The FBI and Sabu: Who Got Hurt?

Here's Sabu on December 25 taking credit for the Stratfor hack:

We did the hack under #antisec which is an operation within anonymous.... we are decentralized

Here's what was taken from Stratfor and released:

860,000 usernames, emails, and md5-hashed passwords; data from 75,000 credit cards, including security codes used for no card present transactions; and over 2.5 million Stratfor emails, internal Stratfor documents from the company’s intranet, and support tickets from it.stratfor.com.

While Sabu had his associates and followers thinking he was on the run, he was actually encouraging others to commit the same crimes he always had, except this time under the direction of the FBI. [More...]

Some members of Anonymous didn't fall for it:

Sabu and his crew are nothing more than opportunistic attention wh*res who are possibly agent provocateurs.

But many more did and participated in later hacks and releases.

It's an interesting timeline: Sabu is arrested on June 7 and immediately cooperates. On June 19, out came AntiSec seeking recruits. On June 25, LulzSec announces it's done and throws it support to AntiSec. On June 29, AntiSec releases its first document dump.

It has been a week since the LulzBoat lowered the LulzSec flag, she now proudly flies under the #AntiSec colors. Since this day, the movement is organized by a flotilla of independent but allied vessels.

In this short time, the friendly vessels were able to capture copious amounts of booty, all claimed in the name of #AntiSec. Make no mistake: While the LulzBoat is still sailing with us (albeit not with the LulzSec flag), the objective of #AntiSec is different. Despite being still driven by Lulz and therefore also providing them, the mission has become larger than us. #AntiSec is more than Lulz and more than even Anonymous: It is our true belief that this movement has the capability to change the world. And should that fail, we will at least rock the world.

I'm not the first to wonder if AntiSec was a sting operation conceived by the Feds with Sabu's help after his arrest. Or whether the FBI could have stopped the release of Stratfor data or AntiSec's hack of the website of the law firm that represented Frank Wuterich in the Haditha murders. (Anti-Sec takes credit here.)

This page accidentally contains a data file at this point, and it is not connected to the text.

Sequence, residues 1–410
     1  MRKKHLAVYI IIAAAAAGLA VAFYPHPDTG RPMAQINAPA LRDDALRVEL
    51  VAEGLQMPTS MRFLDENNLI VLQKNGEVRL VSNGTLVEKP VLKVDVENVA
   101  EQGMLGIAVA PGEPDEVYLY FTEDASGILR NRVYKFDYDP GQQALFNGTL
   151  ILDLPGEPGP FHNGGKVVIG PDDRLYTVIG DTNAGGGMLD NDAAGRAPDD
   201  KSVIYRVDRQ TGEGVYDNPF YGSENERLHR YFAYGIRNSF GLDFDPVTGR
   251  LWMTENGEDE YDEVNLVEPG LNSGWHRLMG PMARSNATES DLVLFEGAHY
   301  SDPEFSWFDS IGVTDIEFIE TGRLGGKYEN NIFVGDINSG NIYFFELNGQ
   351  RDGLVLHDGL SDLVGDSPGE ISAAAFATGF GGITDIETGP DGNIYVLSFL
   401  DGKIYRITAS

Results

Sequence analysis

Here's a tweet from Sabu right before he "disappears" for a month on August 17:

The greatest trick the devil ever pulled was convincing the world he did not exist. And like that... he is gone.

He was back a month later, claiming he never left. In this tweet the same day, he says:

They tried to snitch me out, troll me, dox every one around me, bait me into endless arguments but theres one thing they can't do: STOP ME!

Arrests aside, how many of the hacks and credit card thefts Sabu promoted during his cooperation could have been prevented by the FBI, had agents and prosecutors not thought it more important to get hackers away from their keyboards and into prison than prevent identity theft and protect innocent consumers? I hope the answer is none. If it isn't, the FBI has some explaining to do.

< Hacker Monsegur aka Sabu In His "Own" Words | Friday Night Open Thread >
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  • Display: Sort:
    So was Sabu's arrest (none / 0) (#1)
    by Edger on Fri Mar 09, 2012 at 08:42:48 PM EST
    just theater? Part of the sting?

    don't think so (5.00 / 2) (#2)
    by Jeralyn on Fri Mar 09, 2012 at 10:12:28 PM EST
    I think the arrest in June was legit, The question is whether the crimes committed afterwards were orchestrated  (theater) by the feds and part of a sting they created.

    Thanks (none / 0) (#3)
    by Edger on Fri Mar 09, 2012 at 10:14:23 PM EST
    I had read this post and commented before reading your other post about him...

    Hacking isn't sport (none / 0) (#4)
    by koshembos on Fri Mar 09, 2012 at 11:07:48 PM EST
    Anonymous and other hackers who violate privacy or steal information should be stopped. The criminal approach with jail sentences is probably the wrong remedy, but sitting on our hands or applauding will likely to encourage more violation of that sort.

    the end doesn't always (5.00 / 1) (#5)
    by Jeralyn on Sat Mar 10, 2012 at 12:56:21 AM EST
    justify the means. Stings too often capture innocent people. There are other investigative techniques available to the Government.

    You don't have to be a supporter of Anonymous or their actions to question the way the FBI handled this.